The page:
Behavioral Health

 Spiritual Health

Last Updated: April 27, 2020

Spirituality is often defined as a sense of connection that gives meaning and purpose to a person's life. 

Spirituality is unique to each individual, and refers to the deepest part of you.

Your spirit provides you with the revealing sense of who you are, why you are here and what your purpose for living is. It is that innermost part of you that allows you to gain strength and hope.

Technical Guide 360: Spiritual Fitness Inventory User Guide (USAPHC)

The Spiritual Fitness Inventory (SFI) is a tool to assist screeners in assessing Soldiers' spiritual fitness as a component of their resilience and readiness.  The results of the SFI can be used to facilitate a discussion related to spirituality, and to help an individual track changes in his or her spiritual fitness over time as part of a comprehensive approach to wellness and resiliency.

Boosting Resilience through Spirituality (APHC Brochure)

This brochure provides information on the benefits of spiritual fitness, spiritual fitness tips, finding a chaplain, and what leaders can do to promote tolerance alongside the practice of spirituality.

Moral Injury in the Context of War External Link by Shira Maguen, PhD and Brett Litz, PhD (Va.gov)

What is moral injury?  Like psychological trauma, moral injury is a construct that describes extreme and unprecedented life experience including the harmful aftermath of exposure to such events. Events are considered morally injurious if they "transgress deeply held moral beliefs and expectations" (1). Thus, the key precondition for moral injury is an act of transgression, which shatters moral and ethical expectations that are rooted in religious or spiritual beliefs, or culture-based, organizational, and group-based rules about fairness, the value of life, and so forth.

Talking Spiritual about Moral Injury     External Link (VA.gov)

In the context of war, moral injuries may stem from direct participation in acts of combat, such as killing or harming others, or indirect acts, such as witnessing death or dying, failing to prevent immoral acts of others, or giving or receiving orders that are perceived as gross moral violations (2). The act may have been carried out by an individual or a group, through a decision made individually or as a response to orders given by leaders.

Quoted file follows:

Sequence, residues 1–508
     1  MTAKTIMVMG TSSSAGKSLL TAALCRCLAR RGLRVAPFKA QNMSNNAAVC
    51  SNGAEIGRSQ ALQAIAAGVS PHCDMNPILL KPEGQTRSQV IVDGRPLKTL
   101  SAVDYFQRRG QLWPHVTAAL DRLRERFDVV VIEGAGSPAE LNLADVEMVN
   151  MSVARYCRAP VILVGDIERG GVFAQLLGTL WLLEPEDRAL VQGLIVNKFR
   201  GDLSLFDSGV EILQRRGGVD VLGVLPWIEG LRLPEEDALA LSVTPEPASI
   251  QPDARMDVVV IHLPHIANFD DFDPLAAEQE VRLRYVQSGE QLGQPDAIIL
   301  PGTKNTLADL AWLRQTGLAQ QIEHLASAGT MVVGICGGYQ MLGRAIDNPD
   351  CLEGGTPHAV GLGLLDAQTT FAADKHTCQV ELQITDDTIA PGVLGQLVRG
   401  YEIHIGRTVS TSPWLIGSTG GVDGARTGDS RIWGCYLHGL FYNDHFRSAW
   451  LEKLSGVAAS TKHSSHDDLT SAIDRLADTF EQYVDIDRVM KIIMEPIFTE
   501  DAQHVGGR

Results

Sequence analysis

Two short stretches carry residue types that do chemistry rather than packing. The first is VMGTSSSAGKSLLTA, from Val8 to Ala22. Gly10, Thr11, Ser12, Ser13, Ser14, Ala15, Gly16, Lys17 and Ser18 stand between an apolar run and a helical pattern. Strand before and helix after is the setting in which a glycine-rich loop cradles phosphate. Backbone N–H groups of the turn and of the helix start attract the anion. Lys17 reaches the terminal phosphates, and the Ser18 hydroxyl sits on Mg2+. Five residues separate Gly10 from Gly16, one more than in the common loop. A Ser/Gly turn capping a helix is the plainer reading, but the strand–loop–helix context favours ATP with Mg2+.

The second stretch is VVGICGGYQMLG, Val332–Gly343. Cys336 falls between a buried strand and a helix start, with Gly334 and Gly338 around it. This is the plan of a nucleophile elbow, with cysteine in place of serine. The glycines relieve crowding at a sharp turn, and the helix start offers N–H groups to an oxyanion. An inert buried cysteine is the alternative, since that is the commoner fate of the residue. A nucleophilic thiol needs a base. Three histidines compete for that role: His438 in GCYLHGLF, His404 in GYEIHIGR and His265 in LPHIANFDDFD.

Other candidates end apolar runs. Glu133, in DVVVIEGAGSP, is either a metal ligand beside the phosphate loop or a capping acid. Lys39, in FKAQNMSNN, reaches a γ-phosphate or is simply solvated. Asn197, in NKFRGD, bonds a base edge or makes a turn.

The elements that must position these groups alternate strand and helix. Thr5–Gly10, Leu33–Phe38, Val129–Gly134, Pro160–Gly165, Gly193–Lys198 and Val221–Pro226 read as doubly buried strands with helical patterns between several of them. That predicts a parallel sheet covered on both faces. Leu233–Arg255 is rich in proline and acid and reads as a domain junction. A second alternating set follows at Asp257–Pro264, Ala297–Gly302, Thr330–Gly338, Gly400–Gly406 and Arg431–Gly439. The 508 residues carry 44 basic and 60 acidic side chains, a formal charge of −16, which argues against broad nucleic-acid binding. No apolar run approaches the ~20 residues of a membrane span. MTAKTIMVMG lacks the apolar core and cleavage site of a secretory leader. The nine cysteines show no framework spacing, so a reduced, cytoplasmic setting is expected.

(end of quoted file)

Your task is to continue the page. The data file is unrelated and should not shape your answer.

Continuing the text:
Real Warriors - Real Battles - Real Strength External Link

Spirituality can help you feel connected to something bigger than yourself and build resilience at the same time. The Real Warriors Campaign encourages help-seeking behavior among service members, veterans and military families coping with invisible wounds.

Clergy Toolkit External Link (VA.gov)

Clergy and spiritual communities play an important role in supporting Servicemembers and Veterans in their personal well-being and spiritual health.  This toolkit was created for clergy who work with our Nation's Veterans and Servicemembers who have or are at risk for developing posttraumatic stress disorder (PTSD). Much of what is contained here is also helpful to clergy members supporting other, non-military trauma survivors.  

Articles on Meditation and Mindfulness

Government

Non-government

Spirituality after Deployment External Link   

Veterans Administration  External Link My HealtheVet

Coming Home: Developing a Theological Response for Returning Combat Veterans External Link This site contains links to resources for OEF/OIF veterans, their Family members, caregivers and spiritual leaders, and spiritual communities.

Health Benefits of Spiritual Fitness

Non-government

Interfaith calendar   External Link

This listing shows the holidays and observances for all the major religious organizations. It includes definitions for each of the observances listed.

Military Crisis Line External Link

Call 1-800-273-8255 and press 1 for the Military Crisis Line

ARMY GI Suicide Prevention External Link

The Army G-1 Website provides many relevant, recent suicide prevention products and hyperlinks.